We have seen them before, the fake subscription renewals that arrive with the fake invoice attached. The hope is we will panic and call to cancel. When we do, they attempt to convince us that they over refunded us by thousands and demand we pay it back or they try to get us to install software on our machine so they can issue the refund. The result is an empty bank account, malware on your machine or both.
This week some very lazy attackers hit the campus with hundreds of these emails with various subject lines that all included the same fake Best Buy – Geek Squad subscription renewal invoice. I say they were lazy because the majority of them contained messages with no more than a word or two. inboxes across the University were hit, many with several different versions of the same email.
I am delighted to report that instead of being taken in by these emails, dozens of people reported them. Our cybersecurity inbox was slammed and more reports keep coming in. Thank you to everyone who gave us a heads up. Keep up the great work!
It has happened to everyone, you visit a website and then shortly one or more pop-ups show up on your screen. Admittedly, with the availability of popup blockers this happens a lot less than it used it. However, it still happens. Those popups are not just annoying, they are often dangerous. Cyberattackers use them to trick us into downloading malware onto our machines.
While there are many ways attackers try to trick us. They have two favourite methods. The first is to fill the popups with pornography. There is nothing more horrifying than having naked people flash on your screen especially when you are at work. The idea is to make you panic so you will click on the X in the popup window to close it. It can be very effective. Anyone in that situation would do exactly as the attackers want and click to close the offending windows as quickly as possible. Unfortunately, once you click you download malware onto your computer.
The second method they like to use is the fake virus alert. The popups appear with flashing read text and flashing arrows directing you to click to remove a virus that they have detected on your machine. They are playing everyone’s worst nightmare in technicolor. It is understandable if someone panics and clicks. However, as before, once you do malware is loaded onto your machine.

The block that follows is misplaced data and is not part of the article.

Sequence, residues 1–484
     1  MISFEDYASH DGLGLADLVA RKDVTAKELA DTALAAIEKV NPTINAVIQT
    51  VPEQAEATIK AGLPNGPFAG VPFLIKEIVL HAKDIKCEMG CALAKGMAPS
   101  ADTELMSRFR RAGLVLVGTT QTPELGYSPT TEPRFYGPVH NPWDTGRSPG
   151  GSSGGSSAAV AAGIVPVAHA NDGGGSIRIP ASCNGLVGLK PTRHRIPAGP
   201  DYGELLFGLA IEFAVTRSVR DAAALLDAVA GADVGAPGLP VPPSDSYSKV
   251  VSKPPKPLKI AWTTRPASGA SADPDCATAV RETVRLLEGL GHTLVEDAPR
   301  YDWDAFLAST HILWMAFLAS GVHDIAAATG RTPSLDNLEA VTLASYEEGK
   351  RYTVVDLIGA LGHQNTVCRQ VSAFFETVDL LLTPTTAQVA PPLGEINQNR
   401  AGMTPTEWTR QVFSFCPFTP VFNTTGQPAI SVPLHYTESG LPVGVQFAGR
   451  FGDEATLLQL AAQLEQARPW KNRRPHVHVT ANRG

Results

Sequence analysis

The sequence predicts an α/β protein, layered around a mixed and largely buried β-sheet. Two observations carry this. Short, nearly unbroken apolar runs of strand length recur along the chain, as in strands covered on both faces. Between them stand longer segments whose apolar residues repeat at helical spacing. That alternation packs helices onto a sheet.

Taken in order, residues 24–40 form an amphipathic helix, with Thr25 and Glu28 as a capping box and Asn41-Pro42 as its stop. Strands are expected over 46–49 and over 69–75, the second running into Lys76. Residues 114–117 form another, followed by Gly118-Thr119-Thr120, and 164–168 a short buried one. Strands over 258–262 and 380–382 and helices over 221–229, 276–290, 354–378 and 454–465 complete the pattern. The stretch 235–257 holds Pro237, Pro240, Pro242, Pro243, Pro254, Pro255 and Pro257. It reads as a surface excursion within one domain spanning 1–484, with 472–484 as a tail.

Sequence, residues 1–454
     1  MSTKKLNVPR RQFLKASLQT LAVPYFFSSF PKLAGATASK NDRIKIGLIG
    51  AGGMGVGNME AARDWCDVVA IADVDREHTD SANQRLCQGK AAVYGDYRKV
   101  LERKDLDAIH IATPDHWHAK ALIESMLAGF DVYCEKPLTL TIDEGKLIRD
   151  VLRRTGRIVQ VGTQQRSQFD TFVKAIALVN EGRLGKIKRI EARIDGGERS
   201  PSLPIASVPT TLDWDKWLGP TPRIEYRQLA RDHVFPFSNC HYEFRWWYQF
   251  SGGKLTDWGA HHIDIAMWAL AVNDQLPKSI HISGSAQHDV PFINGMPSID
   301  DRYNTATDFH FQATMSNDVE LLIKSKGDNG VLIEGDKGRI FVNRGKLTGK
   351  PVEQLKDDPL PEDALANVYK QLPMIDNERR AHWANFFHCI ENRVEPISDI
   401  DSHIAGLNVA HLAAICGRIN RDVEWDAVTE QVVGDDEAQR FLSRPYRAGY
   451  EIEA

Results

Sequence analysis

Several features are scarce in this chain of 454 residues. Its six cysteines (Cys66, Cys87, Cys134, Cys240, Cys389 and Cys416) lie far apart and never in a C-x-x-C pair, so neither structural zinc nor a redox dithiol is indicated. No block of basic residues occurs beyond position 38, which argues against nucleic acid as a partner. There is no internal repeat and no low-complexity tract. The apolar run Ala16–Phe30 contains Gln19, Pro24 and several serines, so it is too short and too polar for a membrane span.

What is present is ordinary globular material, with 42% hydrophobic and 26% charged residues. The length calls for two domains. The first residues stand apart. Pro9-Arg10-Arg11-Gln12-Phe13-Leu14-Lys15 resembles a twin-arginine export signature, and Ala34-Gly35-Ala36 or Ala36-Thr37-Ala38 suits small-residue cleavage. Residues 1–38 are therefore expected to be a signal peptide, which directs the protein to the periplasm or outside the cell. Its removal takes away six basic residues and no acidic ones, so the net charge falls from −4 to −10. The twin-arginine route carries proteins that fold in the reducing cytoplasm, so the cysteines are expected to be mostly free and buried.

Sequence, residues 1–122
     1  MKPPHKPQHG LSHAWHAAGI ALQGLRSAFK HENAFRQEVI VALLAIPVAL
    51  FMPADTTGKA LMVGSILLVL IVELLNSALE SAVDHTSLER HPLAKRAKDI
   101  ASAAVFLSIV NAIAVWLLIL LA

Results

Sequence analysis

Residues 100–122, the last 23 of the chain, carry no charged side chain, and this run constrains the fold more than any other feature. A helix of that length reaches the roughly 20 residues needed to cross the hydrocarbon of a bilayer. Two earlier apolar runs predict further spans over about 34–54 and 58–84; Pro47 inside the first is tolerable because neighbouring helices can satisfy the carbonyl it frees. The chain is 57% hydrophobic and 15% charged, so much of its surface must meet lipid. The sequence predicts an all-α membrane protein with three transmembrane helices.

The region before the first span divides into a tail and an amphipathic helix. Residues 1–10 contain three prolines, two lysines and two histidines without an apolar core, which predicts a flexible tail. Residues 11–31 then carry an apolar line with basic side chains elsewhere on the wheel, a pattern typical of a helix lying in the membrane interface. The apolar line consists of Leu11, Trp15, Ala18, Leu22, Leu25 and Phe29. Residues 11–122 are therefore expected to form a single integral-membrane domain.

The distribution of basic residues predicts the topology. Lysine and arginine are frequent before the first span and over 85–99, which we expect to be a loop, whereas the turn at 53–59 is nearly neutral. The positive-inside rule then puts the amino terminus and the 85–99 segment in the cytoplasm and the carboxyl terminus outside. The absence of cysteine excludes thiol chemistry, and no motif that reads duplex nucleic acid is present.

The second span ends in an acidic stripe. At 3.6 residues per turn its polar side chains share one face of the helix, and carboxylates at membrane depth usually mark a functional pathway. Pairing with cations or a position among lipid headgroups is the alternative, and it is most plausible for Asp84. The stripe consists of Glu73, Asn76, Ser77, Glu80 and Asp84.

The terrifying thing is popups can show up anywhere, not just on dodgy sites you have never visited. Legitimate websites can also be compromised by attackers. One day you are checking the Daily Kitty with no issues, the next day you visit and obscene images fill your screen.
The good news is, there is an easy way to get rid of the unexpected popups without downloading malware. The next time your screen comes alive with dozens of panic inducing popups, just close your browser. Don’t click on anything inside the browser window, just click the little x on the browser window itself and close the thing. Once the browser is closed, the problem is gone.
To make sure it doesn’t reoccur, don’t visit the website that you were on again. As long as you close the browser window and not the popup window, no harm is done. Even better, nothing else needs to be done. No report needs to be made to IT. You don’t have to scan your machine for viruses. You don’t have to spend the day wringing your hands hoping that you didn’t mess up. You can just enjoy the rest of your day in blissful serenity knowing that you stopped the criminals in their tracks.
While the trick and treaters were out collecting candy, cyberattackers hit the campus looking for their own treats…MRU login credentials. Over a thousand emails flooded campus inboxes. While the email subjects were varied, the contents were the same.
This email has two big red flags; the generic sending email address and the link that goes to a Jotform. While Jotform is a legitimate service used to create forms, much like Google forms, the use of the form was far from legitimate. If you clicked the link you would be told that to access the pending emails, you would have to enter your MRU email credentials into the form. Once you do, the attackers have your credentials.
Of course as MFA is enabled on your account, they can’t just enter your stolen password and gain access to your email. They need to by pass the MFA. The most popular method at the moment is to bombard you endlessly with MFA prompts by repeatedly signing into your email. The hope is, you will get tired of being prompted and just tap, Yes it is me, just to get them to end. Some people finally give in.
I am proud to say that once these emails hit inboxes, the cybersecurity email was flooded with reports. Many of those reports included appreciation for the cybersecurity awareness training that prepared them for the attack. Well done everyone! Well done.
Passwords, they are our saviors keeping our data safe while at the same time they are our oppressors clogging our brains and stressing us out. We know we should have long, complicated passwords and that we shouldn’t reuse them. However, who has the time to be that creative every time you sign up for a new service, never mind being able to memorize them all? It isn’t surprising that password reuse is as common as grilled cheese.
Attackers know that, which is why credential stuffing is one of their favorite attack methods. It takes little skill and effort. Just go on the dark web and find a list of stolen credentials, plug them into a software program and let it run. After a few minutes you have a whole list of websites that you can login to hassle free. You don’t even have to buy stolen credentials anymore. Over a hundred of them are just sitting there, free for the taking.
Thankfully there is a way to have long, strong unique passwords for every service without losing your mind. This magical tool even logs in for you, saving you valuable time and effort. The best part is you only have to create and remember one password. Yup, only one, the one to gain access to the tool. After that, this gift from the Gods creates passwords for you. They are long, complicated monsters that would take years to brute force hack. They would be impossible for a human mind to remember, but this genius of an application does it for you.